27 August 2012
What To Tell Yourself When You Get a Bad Review
So, about 12 hours after I self published my short story, I received an extremely negative review. It was a review I was very glad to be at work reading (I'd rather not explain tears to my coworkers).
And while I was coaching myself to not cry, I kept telling myself one thing that I wanted to share with my fellow writers.
For those of us who are out there, trying to get our work read, critiqued, reviewed, published or even if you are just at the simple state of needing to get your thoughts and ideas down on paper, remember this:
You are one of the few people in this world who are expressing yourself and putting your creative self out on display for the world to see. No it may not be perfect. It may never be perfect. You may get a sea of negative reviews that often times cut very deep. And you may cry. You may even cry in the face of the critic who have the best of intentions.
But if you have ever spoken to a person that does not consider themselves creative, you are something of a marvel. You are creating. Have you ever thought of what exactly it is you do? You create scenes that are coming just from you. You write characters and create worlds that come straight from your very own mind. How many people get to create something from their imagination?
There may be millions of writers dreaming to be published and even millions more already published, but there are many more people out there that don't consider themselves creative in any way. And what a gift it is to be one of the ones who are creative and are expressing that creativity. To be one of those putting that creativity out there and actually allowing that creativity to be analyzed, critiqued, shredded, and pulled apart. How brave is that?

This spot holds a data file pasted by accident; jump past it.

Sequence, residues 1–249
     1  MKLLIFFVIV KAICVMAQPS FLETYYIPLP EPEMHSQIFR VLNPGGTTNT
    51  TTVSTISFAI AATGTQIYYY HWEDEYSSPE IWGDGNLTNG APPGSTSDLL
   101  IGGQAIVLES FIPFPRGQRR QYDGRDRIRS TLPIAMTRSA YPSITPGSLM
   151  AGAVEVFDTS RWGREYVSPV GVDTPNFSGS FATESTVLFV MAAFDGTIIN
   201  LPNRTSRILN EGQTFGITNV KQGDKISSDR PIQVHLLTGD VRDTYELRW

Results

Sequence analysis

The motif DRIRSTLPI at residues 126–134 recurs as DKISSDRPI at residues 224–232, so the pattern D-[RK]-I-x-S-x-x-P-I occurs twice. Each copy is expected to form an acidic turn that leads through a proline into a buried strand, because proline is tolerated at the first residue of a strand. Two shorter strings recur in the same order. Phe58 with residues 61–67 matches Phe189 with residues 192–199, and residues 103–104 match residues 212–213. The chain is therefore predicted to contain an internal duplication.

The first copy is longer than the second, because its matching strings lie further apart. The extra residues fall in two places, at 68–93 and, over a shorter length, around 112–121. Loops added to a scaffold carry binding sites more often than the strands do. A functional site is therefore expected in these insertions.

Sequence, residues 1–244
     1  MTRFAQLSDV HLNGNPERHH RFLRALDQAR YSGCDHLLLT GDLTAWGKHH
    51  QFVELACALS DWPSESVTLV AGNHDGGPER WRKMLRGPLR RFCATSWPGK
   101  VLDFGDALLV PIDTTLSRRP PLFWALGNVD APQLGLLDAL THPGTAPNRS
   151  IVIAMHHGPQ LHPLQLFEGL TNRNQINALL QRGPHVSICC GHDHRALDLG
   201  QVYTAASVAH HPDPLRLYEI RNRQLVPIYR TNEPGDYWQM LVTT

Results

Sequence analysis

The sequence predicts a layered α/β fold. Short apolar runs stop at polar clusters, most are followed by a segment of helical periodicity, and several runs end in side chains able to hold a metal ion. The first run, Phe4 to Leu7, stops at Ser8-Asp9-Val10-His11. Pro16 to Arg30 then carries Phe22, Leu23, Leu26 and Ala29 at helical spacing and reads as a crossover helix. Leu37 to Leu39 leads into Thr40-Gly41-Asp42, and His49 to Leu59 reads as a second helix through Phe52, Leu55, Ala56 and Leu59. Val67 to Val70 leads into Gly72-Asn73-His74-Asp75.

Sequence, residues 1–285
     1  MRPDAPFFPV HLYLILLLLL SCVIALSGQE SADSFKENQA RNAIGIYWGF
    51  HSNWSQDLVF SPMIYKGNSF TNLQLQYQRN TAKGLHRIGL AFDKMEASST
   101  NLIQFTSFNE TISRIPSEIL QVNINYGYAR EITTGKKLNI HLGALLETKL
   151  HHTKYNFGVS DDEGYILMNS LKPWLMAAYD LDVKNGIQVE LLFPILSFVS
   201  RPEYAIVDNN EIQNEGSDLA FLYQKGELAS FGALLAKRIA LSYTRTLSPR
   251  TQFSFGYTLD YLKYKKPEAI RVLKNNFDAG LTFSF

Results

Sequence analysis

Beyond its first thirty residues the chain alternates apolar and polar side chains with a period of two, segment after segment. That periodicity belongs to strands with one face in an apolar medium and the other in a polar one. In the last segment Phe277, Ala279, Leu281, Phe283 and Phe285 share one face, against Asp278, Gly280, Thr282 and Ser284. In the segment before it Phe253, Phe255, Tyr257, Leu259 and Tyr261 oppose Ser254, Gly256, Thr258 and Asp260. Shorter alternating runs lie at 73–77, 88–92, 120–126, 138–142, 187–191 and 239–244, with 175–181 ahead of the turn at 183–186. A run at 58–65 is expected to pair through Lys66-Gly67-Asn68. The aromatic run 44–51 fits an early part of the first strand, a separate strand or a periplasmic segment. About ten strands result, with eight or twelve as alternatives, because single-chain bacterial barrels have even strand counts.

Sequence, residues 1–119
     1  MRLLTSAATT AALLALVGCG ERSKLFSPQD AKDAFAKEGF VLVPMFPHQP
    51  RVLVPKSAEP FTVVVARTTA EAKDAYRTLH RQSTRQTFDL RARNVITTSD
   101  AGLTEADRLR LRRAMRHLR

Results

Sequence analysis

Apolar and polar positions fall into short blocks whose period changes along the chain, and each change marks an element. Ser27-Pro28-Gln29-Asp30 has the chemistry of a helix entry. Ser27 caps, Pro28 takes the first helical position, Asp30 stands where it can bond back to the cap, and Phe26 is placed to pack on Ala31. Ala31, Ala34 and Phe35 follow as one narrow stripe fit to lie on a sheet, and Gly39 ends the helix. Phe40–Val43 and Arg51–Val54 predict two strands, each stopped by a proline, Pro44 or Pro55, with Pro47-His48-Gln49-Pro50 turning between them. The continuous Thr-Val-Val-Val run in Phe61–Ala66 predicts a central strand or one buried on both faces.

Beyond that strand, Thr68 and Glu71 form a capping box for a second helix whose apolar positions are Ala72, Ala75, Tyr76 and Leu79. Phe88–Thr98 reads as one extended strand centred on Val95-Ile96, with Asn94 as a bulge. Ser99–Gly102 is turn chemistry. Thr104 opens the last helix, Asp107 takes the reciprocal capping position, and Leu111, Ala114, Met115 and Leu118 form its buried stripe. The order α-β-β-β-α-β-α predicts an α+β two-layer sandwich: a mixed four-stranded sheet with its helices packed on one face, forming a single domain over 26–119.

And you know what? I am glad I self published my short story before I read this review. I needed to let this story go. I had spent ten years writing it and rewriting it. I was done with it and couldn't rewrite another word. I wanted it to have a home. It's home may not be the glorious mansion of a literary magazine. It's home is more of a dilapated studio apartment that is called the "home of self-published stories read by very few." But I gave it a home. And to me, that matters.
And I now understand with an even greater depth why people do go the route of self publishing. You know why? Because it is extremely satisfying. I can now move on from this story. I may never have more than just a handful read it and if I'm lucky, maybe someone will review it in a way that is a tad less harsh than the review I received this morning. But at the end of the day, my story has a home. And isn't that what we all really want for our stories?
And whether I will do the same for my current fantasy novel is something I will have to see when it is done.
But for now, as I lick the wounds of rejection that I know so well, I will tell myself the little speech I told you guys. I create. You create. And that is a beautiful, beautiful thing.